A Seething Kettle of Prejudice

The following is a status update I posted to Facebook from the airport last night that has actually generated a bit of discussion. I’m curious to know what the folks here may have to say about it. . . .

From the “I’m probably just a cynical jerk” department: a couple years or so ago Julia and I were on one of our debaucherous weekends in Portland. Being the big spending foodies we are, we opted for dinner out somewhere we can’t enjoy in Missoula, which in this case happened to be the drive-thru at Jack in the Box. After the Jack Associate delivered our bag of food, he informed us that the person in the car ahead of us had already bought it for us. By then the person was long gone. I thought this anonymous gesture by an unknown was pretty cool.

Fast forward to yesterday. I’m in line at the Starbucks here at the SLC airport. As I trundle up, I realize that the guy at the front of the line had just concluded buying everyone in line’s drinks and pastries. So I had to listen to a chorus of, “Oh, thank you, sir!”s, blah blah blah for the next couple minutes.

So I’m all, “Oh, look at me, I’m so generous and I’m fit and everyone loves me!” wee wee wee as the guy walks away with his beautiful wife/girlfriend/sister.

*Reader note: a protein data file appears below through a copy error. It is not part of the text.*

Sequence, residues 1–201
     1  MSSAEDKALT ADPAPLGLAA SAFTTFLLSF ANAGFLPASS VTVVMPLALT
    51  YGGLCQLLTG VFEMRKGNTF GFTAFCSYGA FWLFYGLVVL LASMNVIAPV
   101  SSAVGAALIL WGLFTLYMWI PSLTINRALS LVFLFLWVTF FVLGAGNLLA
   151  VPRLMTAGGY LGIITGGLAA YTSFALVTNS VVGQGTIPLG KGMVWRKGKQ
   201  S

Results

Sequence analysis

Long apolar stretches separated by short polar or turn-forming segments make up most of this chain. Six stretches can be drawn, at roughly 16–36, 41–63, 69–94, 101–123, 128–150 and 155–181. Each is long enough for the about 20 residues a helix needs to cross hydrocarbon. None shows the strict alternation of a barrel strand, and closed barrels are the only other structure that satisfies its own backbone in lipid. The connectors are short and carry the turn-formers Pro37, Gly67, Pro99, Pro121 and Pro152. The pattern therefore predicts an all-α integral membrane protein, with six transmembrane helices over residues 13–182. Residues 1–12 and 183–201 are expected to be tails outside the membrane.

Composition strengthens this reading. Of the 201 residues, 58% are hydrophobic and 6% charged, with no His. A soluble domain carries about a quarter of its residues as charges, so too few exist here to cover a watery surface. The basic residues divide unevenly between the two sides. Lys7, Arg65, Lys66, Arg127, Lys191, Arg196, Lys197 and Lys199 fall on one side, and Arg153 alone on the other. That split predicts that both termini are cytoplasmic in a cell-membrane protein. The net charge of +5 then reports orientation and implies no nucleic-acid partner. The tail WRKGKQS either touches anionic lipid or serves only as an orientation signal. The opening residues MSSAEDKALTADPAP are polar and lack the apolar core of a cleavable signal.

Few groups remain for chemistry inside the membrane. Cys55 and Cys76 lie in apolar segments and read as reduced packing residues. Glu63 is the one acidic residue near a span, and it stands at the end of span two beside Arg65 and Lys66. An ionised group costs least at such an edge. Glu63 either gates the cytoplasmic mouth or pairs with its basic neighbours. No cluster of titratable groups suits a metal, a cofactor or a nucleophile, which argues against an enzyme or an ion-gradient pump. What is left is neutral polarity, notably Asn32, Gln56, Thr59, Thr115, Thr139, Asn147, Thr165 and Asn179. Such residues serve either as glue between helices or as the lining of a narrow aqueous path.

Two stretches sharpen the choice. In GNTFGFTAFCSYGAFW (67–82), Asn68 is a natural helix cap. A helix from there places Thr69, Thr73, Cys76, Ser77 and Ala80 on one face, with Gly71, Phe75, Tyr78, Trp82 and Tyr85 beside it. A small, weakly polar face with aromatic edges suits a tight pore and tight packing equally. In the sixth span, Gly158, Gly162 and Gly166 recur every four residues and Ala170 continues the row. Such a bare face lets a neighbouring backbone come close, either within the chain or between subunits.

By the time I got to the register (where I was forced to buy my own damn stuff), though, I was starting to question my knee-jerk reaction. So I ask: is the public act of generosity I witnessed any less gracious than the anonymous one I enjoyed, or is something like this kind of a pretentious move?

Author: Chris

Chris La Tray is a writer, a walker, and a photographer. He is an enrolled member of the Little Shell Tribe of Chippewa Indians and lives in Missoula, MT.

5 thoughts on “A Seething Kettle of Prejudice”

  1. I see both sides, being the cynical ass that I am. But i’m also all for generosity even in it’s most narcissistic forms. There’s a great episode of Friends where Phoebe, ever the optimist, tries to prove to Joey that she can do something nice with no benefit to herself and he keeps shooting down her attempts. Whether its a tax write-off, more crowns in heaven, to alleviate societal guilt, or just that fuzzy feeling inside for doing something good, all generosity is at some level selfish. And if buying some people drinks and pastries is what this guy does it’s probably better than the other ways he could feed his narcissism. Like blogging.

    Also, you never know the long-term effects of that kind of generosity. What if one of those people are so moved they make a generous move someplace less high-end than a Starbucks and someone is helped with something more than just a coffee and pastry? The tail of bad behavior is quite long, but so is the tail of good behavior.

      1. I’ll agree. I’m a pretty cynical bastard myself, but I also believe that whatever selfishness might be involved (unconsciously nor not) in the act of being generous, it’s better than the alternative. And, just like you never know how far a bad deed may go go haunt you and others, you never know how much a good deed might mean to someone else.

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